ALLENTOWN, Pa. – As he settles into his new role as president of Mack Trucks, Martin Weissburg is well aware he has taken the reins during a surging truck market and he’s grateful of the groundwork that’s been laid by his predecessor.
“Smoking” and “explosive” are a couple of the terms Weissburg used to describe the current truck market during an introductory roundtable discussion with the trucking press here Aug. 20. The key to building on Mack’s success in the wake of the launch of its new Anthem highway tractor, is to continue playing offense, added Weissburg, who stepped into the role June 1.
“Mack’s newest member of the family (the Anthem), couldn’t have come at a better time,” he said. “We ramped up production in the first quarter of this year and demand for this product has greatly exceeded our expectations.”
Weissburg said Mack has grown its on-highway segment market share with the launch of the Anthem. He said customers are using it as a tool to attract and retain drivers, or to reward top-performing drivers. Some fleets are parking it out front of their facilities during recruitment fairs, he said of the distinctive Anthem.
“It’s a driver’s truck,” he said. “The timing is good and demand is super high.”
To put the demand into perspective, Weissburg said Mack has taken twice as many orders for on-highway trucks so far this year than its total retail sales in the segment all of last year. Demand also remains strong in its other core segments, including refuse and construction, but it’s the on-highway segment that’s seeing the strongest growth. But with this strong demand comes challenges, including managing a stretched supply chain and staying on top of suppliers to ensure they can continue meeting such high demand.
“We have our share of challenges with a stretched supply chain as well. The whole industry is facing that,” said Weissburg. “There’s no single major point of pain. Just right when you fix one, another point of pain pops up. I’m close with our suppliers, I empathize with their challenges.”
One of the greatest challenges facing suppliers, said Weissburg, is finding enough employees in a low-unemployment environment.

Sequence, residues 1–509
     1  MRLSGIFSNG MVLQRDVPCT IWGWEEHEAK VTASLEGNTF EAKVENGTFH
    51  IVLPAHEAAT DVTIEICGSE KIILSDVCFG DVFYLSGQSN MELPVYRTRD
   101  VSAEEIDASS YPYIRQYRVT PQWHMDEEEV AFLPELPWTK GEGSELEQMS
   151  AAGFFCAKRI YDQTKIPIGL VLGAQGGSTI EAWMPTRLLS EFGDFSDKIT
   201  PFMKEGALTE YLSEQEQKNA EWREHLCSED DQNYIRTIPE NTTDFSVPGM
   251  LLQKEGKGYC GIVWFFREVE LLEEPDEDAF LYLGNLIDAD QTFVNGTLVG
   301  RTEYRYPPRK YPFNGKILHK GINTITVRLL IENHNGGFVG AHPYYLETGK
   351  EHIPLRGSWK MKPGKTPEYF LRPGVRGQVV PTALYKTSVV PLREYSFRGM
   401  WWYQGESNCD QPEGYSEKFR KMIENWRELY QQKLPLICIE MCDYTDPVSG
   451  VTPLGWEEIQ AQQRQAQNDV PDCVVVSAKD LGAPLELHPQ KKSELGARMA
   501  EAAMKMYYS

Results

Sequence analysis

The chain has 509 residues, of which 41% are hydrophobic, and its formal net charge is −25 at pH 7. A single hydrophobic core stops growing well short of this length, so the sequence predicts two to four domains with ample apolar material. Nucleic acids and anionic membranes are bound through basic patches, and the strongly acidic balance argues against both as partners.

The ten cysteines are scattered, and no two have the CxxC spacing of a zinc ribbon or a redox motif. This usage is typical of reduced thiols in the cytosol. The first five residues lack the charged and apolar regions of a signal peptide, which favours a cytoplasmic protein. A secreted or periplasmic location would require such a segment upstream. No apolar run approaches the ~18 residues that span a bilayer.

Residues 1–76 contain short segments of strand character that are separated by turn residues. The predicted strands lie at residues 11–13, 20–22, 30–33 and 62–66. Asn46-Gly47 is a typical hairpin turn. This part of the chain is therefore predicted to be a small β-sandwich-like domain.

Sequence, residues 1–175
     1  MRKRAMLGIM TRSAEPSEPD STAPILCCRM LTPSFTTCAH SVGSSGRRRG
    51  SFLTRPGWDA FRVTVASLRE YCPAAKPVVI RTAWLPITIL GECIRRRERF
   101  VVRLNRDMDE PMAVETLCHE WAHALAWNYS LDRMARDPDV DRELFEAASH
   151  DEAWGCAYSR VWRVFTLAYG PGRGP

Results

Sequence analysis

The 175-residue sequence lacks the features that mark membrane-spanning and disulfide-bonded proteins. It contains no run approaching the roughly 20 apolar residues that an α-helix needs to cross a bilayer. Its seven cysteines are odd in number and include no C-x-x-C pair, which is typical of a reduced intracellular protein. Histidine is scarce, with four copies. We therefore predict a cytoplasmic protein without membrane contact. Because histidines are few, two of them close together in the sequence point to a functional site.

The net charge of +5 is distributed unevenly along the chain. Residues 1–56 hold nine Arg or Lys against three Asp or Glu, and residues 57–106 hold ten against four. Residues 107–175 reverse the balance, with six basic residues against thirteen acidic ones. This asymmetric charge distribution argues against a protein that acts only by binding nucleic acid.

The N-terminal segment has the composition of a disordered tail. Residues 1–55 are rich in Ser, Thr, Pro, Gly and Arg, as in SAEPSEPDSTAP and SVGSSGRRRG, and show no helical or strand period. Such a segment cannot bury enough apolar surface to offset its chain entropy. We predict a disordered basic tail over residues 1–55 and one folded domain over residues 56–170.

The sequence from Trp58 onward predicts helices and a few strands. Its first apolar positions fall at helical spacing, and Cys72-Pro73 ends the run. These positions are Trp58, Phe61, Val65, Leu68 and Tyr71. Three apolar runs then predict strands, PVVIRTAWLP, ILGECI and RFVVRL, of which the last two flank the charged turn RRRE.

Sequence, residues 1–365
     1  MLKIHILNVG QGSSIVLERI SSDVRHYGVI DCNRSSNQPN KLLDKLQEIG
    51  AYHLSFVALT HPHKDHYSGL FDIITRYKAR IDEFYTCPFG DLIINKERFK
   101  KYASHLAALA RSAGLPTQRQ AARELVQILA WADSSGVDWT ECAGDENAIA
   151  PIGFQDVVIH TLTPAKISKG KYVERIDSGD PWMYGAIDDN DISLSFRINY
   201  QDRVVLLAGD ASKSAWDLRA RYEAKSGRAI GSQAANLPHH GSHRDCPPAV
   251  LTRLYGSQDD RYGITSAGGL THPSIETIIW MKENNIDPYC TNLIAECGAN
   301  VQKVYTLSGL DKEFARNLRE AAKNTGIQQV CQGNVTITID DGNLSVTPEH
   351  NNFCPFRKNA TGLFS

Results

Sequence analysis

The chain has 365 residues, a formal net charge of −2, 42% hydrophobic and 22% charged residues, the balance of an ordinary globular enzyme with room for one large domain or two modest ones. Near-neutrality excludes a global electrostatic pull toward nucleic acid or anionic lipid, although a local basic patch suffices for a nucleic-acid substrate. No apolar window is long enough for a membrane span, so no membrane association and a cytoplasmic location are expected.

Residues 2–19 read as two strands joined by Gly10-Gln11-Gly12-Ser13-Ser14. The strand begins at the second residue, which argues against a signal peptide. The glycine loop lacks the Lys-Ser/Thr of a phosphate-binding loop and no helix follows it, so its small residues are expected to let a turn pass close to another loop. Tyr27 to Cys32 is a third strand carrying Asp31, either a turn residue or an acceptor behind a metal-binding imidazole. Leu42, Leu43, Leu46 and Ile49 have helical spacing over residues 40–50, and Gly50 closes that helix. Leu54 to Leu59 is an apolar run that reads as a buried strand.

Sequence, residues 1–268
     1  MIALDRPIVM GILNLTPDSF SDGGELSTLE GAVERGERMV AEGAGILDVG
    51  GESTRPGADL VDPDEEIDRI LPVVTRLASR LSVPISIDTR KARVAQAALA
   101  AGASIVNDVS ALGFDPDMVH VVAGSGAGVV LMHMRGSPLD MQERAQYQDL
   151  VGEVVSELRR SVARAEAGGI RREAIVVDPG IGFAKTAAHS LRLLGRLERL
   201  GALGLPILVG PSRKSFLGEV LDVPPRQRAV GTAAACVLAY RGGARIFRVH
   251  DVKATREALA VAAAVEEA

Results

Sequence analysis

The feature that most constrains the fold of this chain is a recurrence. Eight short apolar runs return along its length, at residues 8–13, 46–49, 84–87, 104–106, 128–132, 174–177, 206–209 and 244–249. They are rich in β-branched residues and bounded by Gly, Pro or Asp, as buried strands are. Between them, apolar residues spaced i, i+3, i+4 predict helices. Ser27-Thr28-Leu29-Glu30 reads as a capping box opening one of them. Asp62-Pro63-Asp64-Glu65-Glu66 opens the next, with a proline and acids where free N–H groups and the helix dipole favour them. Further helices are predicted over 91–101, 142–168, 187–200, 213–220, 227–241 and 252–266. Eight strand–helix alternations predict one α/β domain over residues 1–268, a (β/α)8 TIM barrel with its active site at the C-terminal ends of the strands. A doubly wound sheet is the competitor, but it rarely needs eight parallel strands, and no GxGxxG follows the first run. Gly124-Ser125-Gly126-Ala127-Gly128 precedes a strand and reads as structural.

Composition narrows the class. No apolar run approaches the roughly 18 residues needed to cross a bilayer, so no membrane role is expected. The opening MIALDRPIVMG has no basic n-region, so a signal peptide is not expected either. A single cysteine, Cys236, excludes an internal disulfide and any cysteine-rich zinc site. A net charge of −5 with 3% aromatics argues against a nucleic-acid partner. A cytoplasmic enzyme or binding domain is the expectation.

“A lot of them have the ability and capacity from a fixed asset standpoint, but from a labor standpoint it’s very stretched,” he said.
The new Mack Anthem.
Mack has been heavily investing in its own facilities, and its dealers have followed suit. Weissburg said the company has invested more than $80 million into its Lehigh Valley plant over the past few years, where 2,400 employees now work. It has also been focusing on uptime, with the launch of its Greensboro, N.C.-based Uptime Center and new services such as over-the-air software updates. The latter allows fleets to save significant time when updating powertrain software by doing so remotely without taking the truck out of service. It is being rolled out gradually with certain fleets to ensure a smooth deployment.
“This is the backbone of what we do – transportation solutions,” said Jonathan Randall, senior vice-president of sales and marketing for Mack. “It’s all about limiting breakdowns, and when downtime or dwell time occurs, making it as little time as possible for those wheels to not be turning earning revenue.”
Weissburg added one customer told him the fleet’s not making money if its windshield isn’t killing bugs. “We want to keep killing bugs,” he quipped.
For Weissburg, taking the top job at Mack is a homecoming of sorts. He has overseen Mack Financial Services and later served as the head of Volvo Construction Equipment – a US$9-billion business that saw him relocate to Europe for the past four years.
Weissburg wanted to relocate back to the U.S. to be closer to family and the Mack job was a perfect fit. The time spent in Europe only reinforced his appreciation for the iconic Mack brand.
“For me, Mack is like the cherry on top,” the 56-year-old Maryland native said of his career, all of which was spent in the truck, trailer and equipment industries. “It’s the dream job. To join as leader of this iconic brand and with this great team is a wonderful opportunity for me.”
And while he knows he’s taking over while business is booming, he’s optimistic the bottom won’t fall out anytime soon.
“Every indication is that 2019 will be another strong year, and we’re planning accordingly,” he said.
James Menzies is editor of Today's Trucking. He has been covering the Canadian trucking industry for more than 18 years and holds a CDL. Reach him at firstname.lastname@example.org or follow him on Twitter at @JamesMenzies. All posts by James Menzies